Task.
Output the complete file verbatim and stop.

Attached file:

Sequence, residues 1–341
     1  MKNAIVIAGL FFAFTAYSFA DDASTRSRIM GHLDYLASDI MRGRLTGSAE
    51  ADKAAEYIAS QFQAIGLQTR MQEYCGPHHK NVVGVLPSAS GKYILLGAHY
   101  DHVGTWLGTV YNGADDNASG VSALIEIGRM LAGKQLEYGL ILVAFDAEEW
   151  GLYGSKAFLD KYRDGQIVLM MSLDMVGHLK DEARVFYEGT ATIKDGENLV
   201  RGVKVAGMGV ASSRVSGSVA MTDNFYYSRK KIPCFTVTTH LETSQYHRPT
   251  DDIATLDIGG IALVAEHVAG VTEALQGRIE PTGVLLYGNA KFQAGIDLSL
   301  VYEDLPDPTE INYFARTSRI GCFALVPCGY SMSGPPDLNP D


Sequence, residues 1–341
     1  MKNAIVIAGL FFAFTAYSFA DDASTRSRIM GHLDYLASDI MRGRLTGSAE
    51  ADKAAEYIAS QFQAIGLQTR MQEYCGPHHK NVVGVLPSAS GKYILLGAHY
   101  DHVGTWLGTV YNGADDNASG VSALIEIGRM LAGKQLEYGL ILVAFDAEEW
   151  GLYGSKAFLD KYRDGQIVLM MSLDMVGHLK DEARVFYEGT ATIKDGENLV
   201  RGVKVAGMGV ASSRVSGSVA MTDNFYYSRK KIPCFTVTTH LETSQYHRPT
   251  DDIATLDIGG IALVAEHVAG VTEALQGRIE PTGVLLYGNA KFQAGIDLSL
   301  VYEDLPDPTE INYFARTSRI GCFALVPCGY SMSGPPDLNP D